The Role of Capsular Polysaccharide in Acinetobacter baumannii Virulence

Author: Jennifer Singh

Singh, Jennifer, 2022 The Role of Capsular Polysaccharide in Acinetobacter baumannii Virulence, Flinders University, College of Science and Engineering

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The Gram-negative opportunistic bacterium Acinetobacter baumannii is a significant cause of hospital-borne infections worldwide. Alarmingly, the rapid development of antimicrobial resistance coupled with remarkable ability of isolates to persist on surfaces for extended periods of time has led to infiltration of A. baumannii into our healthcare environments. Treatment options for A. baumannii infections are becoming increasingly limited, and the urgency to develop effective infection control strategies and therapies to combat infections is apparent.

Capsular polysaccharide is comprised of tightly packed repeating oligosaccharide units and forms a barrier around the bacterial cell providing protection from environmental stressors found in the nosocomial environment as well as host immune responses during infection. Additionally, capsule has been shown to contribute resistance to a range of clinically relevant antimicrobial compounds. An increased understanding of the contribution of capsule to the pathobiology of A. baumannii is required to determine its feasibility as a target for new strategies to combat drug resistant infections.

Phenomenal diversity exists between capsule structures (K types) identified for various A. baumannii strains, with over 150 distinct capsule biosynthesis gene clusters have been identified to date. In this study, capsule related phenotypes of twelve A. baumannii strains, representing nine distinct capsule types were assessed to identify correlations between capsule structure and phenotype. Cell surface hydrophobicity, acid stress tolerance, lysozyme resistance and serum resistance were compared between the twelve strains. A correlation was found between capsule charge and cell surface hydrophobicity, but no relationships were identified between K type and any other phenotype assessed.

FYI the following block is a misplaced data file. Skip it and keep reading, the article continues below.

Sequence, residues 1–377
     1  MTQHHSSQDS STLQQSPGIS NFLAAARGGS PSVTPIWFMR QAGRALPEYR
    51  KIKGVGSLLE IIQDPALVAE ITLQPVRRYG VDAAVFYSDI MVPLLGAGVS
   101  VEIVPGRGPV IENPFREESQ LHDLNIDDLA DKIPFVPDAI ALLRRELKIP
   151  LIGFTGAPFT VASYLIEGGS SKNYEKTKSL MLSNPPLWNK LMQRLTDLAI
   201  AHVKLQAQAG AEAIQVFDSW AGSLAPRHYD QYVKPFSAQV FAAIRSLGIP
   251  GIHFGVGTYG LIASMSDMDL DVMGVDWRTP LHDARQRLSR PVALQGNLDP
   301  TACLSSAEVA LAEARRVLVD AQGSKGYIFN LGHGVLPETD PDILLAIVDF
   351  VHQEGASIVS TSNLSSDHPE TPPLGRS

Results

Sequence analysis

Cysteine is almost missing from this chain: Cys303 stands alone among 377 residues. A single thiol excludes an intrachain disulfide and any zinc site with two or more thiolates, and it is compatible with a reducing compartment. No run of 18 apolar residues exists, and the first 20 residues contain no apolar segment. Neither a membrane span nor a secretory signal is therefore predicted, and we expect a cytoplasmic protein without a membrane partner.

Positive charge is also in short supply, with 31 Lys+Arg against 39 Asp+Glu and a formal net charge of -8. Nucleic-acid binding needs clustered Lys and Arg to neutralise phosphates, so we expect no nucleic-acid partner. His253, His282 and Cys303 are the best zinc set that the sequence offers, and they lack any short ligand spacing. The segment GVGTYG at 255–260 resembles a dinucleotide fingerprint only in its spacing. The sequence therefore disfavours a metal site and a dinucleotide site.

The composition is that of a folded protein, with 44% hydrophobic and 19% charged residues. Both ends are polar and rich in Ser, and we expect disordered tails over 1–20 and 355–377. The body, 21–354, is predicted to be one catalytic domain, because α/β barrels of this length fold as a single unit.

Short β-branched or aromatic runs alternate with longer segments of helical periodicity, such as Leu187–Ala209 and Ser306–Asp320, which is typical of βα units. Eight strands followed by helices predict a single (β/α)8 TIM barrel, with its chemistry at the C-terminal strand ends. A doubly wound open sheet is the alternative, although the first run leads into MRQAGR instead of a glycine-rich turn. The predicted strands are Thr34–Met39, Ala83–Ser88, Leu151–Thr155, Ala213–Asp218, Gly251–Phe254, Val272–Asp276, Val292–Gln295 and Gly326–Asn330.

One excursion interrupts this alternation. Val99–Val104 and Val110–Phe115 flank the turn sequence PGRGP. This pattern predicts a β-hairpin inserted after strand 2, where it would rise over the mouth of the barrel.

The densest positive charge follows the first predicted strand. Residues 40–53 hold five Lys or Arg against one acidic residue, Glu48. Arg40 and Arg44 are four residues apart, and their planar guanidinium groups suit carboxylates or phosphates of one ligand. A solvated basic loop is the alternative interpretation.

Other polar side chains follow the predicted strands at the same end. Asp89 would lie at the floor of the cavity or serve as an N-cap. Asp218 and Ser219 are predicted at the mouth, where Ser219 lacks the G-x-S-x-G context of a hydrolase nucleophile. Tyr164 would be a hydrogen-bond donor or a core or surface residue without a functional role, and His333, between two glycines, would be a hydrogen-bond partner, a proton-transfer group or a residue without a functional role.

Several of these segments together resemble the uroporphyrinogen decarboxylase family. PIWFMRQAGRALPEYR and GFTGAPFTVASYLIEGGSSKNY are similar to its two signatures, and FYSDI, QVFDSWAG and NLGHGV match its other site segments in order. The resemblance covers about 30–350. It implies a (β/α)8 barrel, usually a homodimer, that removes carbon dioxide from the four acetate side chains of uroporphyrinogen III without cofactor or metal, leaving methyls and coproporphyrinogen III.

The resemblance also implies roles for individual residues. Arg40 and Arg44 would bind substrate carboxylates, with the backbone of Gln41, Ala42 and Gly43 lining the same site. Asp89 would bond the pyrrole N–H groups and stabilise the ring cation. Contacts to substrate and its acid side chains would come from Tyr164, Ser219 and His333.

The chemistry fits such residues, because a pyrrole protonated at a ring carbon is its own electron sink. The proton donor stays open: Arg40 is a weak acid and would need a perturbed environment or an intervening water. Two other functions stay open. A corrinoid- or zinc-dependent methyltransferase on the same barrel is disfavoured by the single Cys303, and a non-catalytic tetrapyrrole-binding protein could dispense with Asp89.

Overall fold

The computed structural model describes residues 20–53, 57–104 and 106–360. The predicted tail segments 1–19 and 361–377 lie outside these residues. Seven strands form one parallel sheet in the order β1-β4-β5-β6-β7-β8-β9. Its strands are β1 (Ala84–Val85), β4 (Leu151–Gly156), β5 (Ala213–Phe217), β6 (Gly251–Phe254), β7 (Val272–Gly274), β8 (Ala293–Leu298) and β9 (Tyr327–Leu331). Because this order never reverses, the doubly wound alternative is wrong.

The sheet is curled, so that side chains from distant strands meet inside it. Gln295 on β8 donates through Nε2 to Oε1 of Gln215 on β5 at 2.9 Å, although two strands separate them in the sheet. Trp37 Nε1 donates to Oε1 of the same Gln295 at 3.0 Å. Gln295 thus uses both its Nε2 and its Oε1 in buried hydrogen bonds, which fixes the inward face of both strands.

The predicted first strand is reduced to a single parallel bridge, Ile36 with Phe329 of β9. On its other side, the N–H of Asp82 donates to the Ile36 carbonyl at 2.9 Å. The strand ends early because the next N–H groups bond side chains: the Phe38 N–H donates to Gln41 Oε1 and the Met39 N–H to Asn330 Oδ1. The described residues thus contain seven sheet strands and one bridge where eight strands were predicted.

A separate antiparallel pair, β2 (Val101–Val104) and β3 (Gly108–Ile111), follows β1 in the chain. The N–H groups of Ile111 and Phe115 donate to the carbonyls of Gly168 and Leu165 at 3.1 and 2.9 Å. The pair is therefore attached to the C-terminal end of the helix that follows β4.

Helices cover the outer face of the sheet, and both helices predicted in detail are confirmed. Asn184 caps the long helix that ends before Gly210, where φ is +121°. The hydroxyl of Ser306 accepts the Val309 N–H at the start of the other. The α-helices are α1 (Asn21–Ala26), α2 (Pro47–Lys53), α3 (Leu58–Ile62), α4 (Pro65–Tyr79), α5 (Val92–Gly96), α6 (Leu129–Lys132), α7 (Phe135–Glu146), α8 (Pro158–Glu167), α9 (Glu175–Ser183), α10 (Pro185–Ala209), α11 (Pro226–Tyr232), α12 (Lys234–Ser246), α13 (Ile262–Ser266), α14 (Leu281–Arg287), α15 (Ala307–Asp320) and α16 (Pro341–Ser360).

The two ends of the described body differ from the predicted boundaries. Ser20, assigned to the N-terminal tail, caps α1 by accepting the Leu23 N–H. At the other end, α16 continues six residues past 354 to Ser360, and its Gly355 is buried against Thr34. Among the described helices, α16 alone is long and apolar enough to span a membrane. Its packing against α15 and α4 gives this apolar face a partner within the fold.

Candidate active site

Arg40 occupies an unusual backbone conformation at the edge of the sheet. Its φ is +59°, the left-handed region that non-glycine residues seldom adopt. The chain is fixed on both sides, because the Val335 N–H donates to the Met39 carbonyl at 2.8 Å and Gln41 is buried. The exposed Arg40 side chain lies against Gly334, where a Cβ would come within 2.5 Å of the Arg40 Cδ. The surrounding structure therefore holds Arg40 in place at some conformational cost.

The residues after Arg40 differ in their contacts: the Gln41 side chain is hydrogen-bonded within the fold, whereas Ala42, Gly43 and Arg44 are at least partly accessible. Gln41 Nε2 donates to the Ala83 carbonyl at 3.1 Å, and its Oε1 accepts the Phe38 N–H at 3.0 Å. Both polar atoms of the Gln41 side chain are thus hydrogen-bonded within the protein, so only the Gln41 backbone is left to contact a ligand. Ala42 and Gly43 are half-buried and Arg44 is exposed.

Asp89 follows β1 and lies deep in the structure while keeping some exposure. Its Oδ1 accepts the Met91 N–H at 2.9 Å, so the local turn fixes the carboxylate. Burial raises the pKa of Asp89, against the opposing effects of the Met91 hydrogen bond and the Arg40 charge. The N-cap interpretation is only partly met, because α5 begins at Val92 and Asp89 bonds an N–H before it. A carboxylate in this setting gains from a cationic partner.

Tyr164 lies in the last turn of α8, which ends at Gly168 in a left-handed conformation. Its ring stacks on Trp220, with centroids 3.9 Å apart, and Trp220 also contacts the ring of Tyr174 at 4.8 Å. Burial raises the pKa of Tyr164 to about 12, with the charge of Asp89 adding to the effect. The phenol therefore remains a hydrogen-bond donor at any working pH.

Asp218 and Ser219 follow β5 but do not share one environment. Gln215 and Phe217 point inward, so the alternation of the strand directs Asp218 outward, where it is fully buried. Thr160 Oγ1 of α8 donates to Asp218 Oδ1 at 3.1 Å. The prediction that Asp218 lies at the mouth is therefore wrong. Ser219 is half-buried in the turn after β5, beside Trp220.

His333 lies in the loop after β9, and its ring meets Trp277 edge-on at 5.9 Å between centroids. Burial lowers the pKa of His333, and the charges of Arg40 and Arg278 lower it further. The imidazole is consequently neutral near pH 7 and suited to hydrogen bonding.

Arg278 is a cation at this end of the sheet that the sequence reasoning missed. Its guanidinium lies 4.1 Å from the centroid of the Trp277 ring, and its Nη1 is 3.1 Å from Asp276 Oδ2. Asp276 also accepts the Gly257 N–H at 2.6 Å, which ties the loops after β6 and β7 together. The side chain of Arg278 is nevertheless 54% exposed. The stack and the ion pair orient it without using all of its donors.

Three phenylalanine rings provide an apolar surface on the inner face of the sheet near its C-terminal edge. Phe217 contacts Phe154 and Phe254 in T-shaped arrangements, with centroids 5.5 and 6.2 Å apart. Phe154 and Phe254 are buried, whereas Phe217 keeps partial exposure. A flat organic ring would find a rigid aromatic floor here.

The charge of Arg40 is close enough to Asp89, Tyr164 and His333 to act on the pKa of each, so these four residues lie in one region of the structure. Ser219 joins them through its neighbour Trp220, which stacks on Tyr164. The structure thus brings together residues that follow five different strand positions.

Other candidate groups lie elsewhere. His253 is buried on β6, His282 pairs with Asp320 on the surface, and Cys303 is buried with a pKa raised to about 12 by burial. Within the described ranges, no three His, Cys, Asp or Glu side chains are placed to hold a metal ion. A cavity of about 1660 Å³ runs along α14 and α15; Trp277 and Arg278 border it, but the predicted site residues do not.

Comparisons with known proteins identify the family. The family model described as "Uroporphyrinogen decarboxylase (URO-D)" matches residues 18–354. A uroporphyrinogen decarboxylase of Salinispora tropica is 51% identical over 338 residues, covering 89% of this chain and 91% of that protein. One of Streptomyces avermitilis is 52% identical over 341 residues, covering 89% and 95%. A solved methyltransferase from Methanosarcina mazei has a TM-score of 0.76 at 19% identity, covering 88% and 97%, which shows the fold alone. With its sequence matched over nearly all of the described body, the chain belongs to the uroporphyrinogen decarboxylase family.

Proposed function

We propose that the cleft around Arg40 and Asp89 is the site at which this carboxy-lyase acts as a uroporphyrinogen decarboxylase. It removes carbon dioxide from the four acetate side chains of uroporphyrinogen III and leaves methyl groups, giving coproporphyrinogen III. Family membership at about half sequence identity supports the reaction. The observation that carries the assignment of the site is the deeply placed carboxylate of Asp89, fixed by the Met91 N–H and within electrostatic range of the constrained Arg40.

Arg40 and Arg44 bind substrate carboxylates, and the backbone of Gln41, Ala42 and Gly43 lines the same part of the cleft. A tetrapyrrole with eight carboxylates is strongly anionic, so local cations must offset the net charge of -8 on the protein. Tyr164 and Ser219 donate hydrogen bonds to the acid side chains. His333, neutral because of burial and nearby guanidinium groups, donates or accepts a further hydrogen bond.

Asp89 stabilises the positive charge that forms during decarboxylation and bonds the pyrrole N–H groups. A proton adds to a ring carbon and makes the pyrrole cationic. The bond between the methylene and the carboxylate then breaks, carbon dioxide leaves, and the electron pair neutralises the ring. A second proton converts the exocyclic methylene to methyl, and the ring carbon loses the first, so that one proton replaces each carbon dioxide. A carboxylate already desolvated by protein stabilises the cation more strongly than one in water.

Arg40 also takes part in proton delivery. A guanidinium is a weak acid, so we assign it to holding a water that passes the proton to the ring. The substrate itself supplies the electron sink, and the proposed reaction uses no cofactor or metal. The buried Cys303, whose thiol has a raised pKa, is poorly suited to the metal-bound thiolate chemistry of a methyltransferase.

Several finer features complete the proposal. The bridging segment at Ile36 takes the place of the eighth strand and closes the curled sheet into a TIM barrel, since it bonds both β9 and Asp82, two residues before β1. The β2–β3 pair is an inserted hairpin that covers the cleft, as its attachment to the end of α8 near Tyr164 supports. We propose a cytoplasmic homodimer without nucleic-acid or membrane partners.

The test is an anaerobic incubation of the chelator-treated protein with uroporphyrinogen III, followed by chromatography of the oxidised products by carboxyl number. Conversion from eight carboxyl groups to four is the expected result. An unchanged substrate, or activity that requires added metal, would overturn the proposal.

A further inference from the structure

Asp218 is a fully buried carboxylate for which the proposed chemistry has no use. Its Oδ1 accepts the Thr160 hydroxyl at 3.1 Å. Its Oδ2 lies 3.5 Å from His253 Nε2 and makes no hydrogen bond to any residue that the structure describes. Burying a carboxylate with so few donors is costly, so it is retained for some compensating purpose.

Manipulation of the A. baumannii genome is essential for investigating the role capsule plays in persistence, resistance, and host immune evasion. Genetic manipulation of A. baumannii has historically been difficult, though recent advances in cloning methodologies have led to improvements. For some bacterial strains, such as Streptococcus pneumoniae, K type is highly correlated to disease potential. The gold standard for studying the role of K type on disease potential is assessing ‘capsule swapped’ isogenic strains expressing heterologous K types. For most A. baumannii strains, the K loci, which encodes genes specific to capsule production, is located between two highly conserved genes, lldp and fkpA Several attempts were made to make capsule swapped variants of A. baumannii strains ATCC 17978 and 04117201 but ultimately proved unsuccessful.

The contribution of capsule to A. baumannii environmental persistence and host immune evasion was assessed by generating acapsular mutants with one or more gene/s required for capsule production removed. Three acapsular mutants, removing the initial transferase (ΔitrA2), variable region genes (Δcps), and capsule polymerase (Δwzy), were generated in the A. baumannii strain ATCC 17978. The elimination of capsule production altered the response of A. baumannii to various stressors including growth in acidic pH, the osmotic stress response, resistance to human complement and lysozyme killing, macrophage phagocytosis, growth under iron limitation, and resistance to antimicrobial compounds. This study has defined a role for capsule in A. baumannii survival in adverse environments and highlights the importance of capsule in evasion of the host immune system and resistance to antimicrobial compounds. Notably, the response of acapsular mutants to some stressors varied considerably depending on what gene/s were removed, demonstrating that abrogation of capsule production at different stages of synthesis can differentially affect stress responses.

Keywords: Bacteria, Acinetobacter baumannii, capsular polysaccharide

Subject: Microbiology & Infectious Diseases thesis

Thesis type: Doctor of Philosophy
Completed: 2022
School: College of Science and Engineering
Supervisor: Melissa Brown